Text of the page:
8.06pm. Three out of four pre-poll booths are now in on the primary vote, and they have all made things look worse for Labor, such that I’m now projecting swings against them of nearly 5% on the primary vote and 4% on TCP.

7.36pm. The first pre-poll booth is in, from Chinchilla, and its 2461 votes have swung quite heavily away from Labor. Whereas previously I was suggesting that Labor was not suffering much of a swing, it’s now a more substantial 4.2%.

7.21pm. The large Calliope booth has significantly lifted Labor’s raw primary vote, but reduced its projection: their primary vote there is down 12.6%, which will feed into a substantial swing to the LNP on the TCP.

7.02pm. So what we have here is pretty much a status quo result in which the entry of One Nation has drawn about 16% of the vote almost entirely off the LNP. To the extent that Labor might think about the result at all, they would probably be pretty happy to have almost held their ground at a mid-term by-election where they faced competition from One Nation that wasn’t there last time.

7.01pm. Now my probability is saying what I believe it should be saying, which is that the LNP will definitely win. It assumes LNP-versus-Labor at the final count, which seems very likely now — they are ahead on raw votes and well ahead on my projection/

6.56pm. My TCP projection is now working off preference flow projections. My win probability seems to be stuck on 83.6%, which is making me thing something is amiss with it.

6.46pm. One Nation’s primary vote lead has almost disappeared as larger centres start to report, and my projection puts Labor ahead of them.

6.41pm. My TCP projections are still based off preference estimates — they will kick over to using a projection based on actual preference flows probably when the next TCP booth result comes in.

6.37pm. There are two booths in from very near Gin Gin, Bullyard and Wallaville, which are the closest things we have to results representative of larger population centres. Wallaville has the LNP well down on the primary vote, to the extent that my projected final result for them has been dragged down from near 50% to 44%.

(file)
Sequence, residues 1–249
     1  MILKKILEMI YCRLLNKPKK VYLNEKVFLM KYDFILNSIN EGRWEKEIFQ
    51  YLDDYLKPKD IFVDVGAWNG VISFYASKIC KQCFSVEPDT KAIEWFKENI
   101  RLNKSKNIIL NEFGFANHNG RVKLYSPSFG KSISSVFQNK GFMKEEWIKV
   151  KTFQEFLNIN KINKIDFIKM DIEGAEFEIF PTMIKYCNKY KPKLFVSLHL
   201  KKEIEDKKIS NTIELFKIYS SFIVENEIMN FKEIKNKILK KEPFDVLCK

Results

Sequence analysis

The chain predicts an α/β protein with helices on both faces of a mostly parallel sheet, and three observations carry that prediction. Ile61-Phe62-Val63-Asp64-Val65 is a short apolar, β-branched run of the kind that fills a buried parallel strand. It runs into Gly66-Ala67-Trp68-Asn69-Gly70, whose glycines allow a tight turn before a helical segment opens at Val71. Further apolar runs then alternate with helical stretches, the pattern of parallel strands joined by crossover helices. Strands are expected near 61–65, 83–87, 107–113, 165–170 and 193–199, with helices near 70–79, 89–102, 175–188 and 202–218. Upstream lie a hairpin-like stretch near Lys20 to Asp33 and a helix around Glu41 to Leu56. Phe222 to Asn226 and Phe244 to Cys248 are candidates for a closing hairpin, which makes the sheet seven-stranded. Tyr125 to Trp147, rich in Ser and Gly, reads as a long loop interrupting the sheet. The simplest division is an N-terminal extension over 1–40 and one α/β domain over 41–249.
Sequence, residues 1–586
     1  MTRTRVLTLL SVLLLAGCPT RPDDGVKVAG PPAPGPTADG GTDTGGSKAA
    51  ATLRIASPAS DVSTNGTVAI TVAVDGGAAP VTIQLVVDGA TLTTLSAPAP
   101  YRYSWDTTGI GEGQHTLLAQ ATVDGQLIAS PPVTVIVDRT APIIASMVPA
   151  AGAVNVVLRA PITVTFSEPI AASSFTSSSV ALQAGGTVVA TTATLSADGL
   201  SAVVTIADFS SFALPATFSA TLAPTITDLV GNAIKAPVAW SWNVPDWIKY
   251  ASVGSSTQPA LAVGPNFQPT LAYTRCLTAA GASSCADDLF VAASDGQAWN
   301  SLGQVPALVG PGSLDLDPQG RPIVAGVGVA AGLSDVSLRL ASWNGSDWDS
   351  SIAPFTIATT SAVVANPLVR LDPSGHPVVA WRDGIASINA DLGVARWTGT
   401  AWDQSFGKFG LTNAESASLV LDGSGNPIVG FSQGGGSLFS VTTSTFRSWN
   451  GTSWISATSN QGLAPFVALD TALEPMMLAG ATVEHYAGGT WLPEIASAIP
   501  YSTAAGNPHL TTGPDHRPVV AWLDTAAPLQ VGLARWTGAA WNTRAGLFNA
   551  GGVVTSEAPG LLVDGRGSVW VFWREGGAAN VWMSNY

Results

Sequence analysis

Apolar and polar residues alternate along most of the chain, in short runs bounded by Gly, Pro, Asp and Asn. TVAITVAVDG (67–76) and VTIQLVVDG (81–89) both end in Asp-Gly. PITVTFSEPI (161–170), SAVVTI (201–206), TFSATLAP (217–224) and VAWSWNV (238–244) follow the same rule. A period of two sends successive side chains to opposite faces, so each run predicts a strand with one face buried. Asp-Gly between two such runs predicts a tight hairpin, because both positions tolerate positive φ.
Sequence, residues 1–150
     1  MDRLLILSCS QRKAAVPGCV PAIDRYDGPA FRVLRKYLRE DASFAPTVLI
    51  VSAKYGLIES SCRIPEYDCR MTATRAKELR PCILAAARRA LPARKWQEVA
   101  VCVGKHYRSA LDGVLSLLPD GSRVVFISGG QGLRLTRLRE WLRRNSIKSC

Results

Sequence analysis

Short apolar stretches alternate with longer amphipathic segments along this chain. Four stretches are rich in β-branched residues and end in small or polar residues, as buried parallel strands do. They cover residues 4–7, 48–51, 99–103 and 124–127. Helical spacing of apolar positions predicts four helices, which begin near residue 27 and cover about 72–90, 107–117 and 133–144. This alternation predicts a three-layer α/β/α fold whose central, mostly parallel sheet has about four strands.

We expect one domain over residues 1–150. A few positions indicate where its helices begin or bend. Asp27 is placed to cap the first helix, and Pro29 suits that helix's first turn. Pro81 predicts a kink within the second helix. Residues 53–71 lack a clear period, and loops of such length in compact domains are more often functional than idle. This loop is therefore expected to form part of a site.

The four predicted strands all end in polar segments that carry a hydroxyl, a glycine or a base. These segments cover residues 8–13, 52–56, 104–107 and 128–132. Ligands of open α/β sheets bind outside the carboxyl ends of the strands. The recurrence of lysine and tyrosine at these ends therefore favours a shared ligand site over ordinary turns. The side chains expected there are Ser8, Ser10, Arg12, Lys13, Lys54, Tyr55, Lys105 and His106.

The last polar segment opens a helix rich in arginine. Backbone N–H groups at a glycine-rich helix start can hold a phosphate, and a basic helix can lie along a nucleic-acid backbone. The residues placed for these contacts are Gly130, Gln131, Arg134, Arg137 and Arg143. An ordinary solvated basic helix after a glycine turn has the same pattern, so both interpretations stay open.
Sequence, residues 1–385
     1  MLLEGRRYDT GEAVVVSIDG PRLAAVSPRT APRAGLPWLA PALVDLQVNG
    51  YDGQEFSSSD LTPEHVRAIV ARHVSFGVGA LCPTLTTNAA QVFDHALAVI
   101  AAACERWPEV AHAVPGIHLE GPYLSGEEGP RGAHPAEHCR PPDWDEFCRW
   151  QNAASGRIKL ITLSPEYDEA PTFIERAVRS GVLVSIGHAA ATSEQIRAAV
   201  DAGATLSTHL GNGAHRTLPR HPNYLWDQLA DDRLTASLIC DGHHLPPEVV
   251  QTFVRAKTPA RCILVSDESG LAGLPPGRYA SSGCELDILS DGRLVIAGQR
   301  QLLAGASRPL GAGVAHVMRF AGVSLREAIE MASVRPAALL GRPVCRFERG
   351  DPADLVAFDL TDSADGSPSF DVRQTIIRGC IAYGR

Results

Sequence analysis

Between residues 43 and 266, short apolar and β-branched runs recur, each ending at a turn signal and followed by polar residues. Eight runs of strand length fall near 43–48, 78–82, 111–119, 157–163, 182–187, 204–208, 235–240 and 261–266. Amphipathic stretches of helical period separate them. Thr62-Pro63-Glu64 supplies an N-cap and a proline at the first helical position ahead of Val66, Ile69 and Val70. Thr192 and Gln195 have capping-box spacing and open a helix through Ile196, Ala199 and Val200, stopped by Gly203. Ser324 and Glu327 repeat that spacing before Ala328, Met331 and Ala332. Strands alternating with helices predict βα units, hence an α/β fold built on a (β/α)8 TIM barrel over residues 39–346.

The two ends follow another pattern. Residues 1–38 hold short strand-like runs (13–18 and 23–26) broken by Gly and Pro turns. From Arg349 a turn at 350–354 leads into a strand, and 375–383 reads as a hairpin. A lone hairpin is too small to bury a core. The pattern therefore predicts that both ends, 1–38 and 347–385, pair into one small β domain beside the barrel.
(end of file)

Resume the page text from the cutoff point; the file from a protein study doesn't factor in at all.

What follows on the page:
6.36pm. With six booths in on the primary vote and two on the TCP, nothing to add that hasn’t been said previously. The larger centres in this electorate are Biloela, Chinchilla, Calliope and Gin Gin, and the chance that they may behave differently from the rural booths is such that you wouldn’t quite call it yet, although there’s no reason so far to think things aren’t playing to script. Probably the main point of interest is who out of Labor and One Nation comes second.

6.26pm. The first TCP result is in, from Jimbour — only now can I confirm that the count being conducted is between the LNP and Labor.

6.25pm. Five booths now, with the picture as described in the previous update essentially unchanged. One Nation well ahead of Labor on the raw primary vote, but I am projecting a close race between them. I am also projecting an LNP primary vote just shy of 50%, which doesn’t suggest they are in serious difficulty. Early days still though, and different parts of the seat may produce different dynamics.

6.20pm. We have 257 primary votes in from the Brigalow and Jimbour booths, which show both parties down on the primary vote in the face of competition of One Nation, which is about as you would expect. One Nation currently leads Labor 35 votes to 18, but that may be a function of these being deeply rural booths.

6pm. Polls have closed. With a lot of small booths and not too many candidates to complicate the counting process, results should soon be coming in a pretty fair clip, the first primary votes reporting perhaps within half an hour.

4.30pm. Today is the day of the Queensland state by-election for Callide, held to choose a replacement for Liberal National Party member Colin Boyce following his move to Canberra as the new member for Flynn. This is a rural conservative seat and an historic stronghold for the Nationals, though such contests can be dicey for the party if an independent challenger or One Nation builds a head of steam. No independent has emerged, but One Nation are fielding a candidate who polled 25.6% when she ran in 2017 and came within 6.1% after preferences, though she only managed 12.2% as candidate for Flynn at the recent federal election. A little surprisingly, Labor have entered the field in a seat where they will need a swing of 15.8%.

Live commentary of the count will proceed here from the closure of the polls at 6pm. You can find my live results page here and my by-election guide here. I’m assuming for now that the Electoral Commission will be conducting a two-candidate count between the LNP and Labor, but it may well be One Nation that makes the final count. The same presumably cannot be said of Katter’s Australian Party, Legalise Cannabis or Animal Justice, who are also in the field.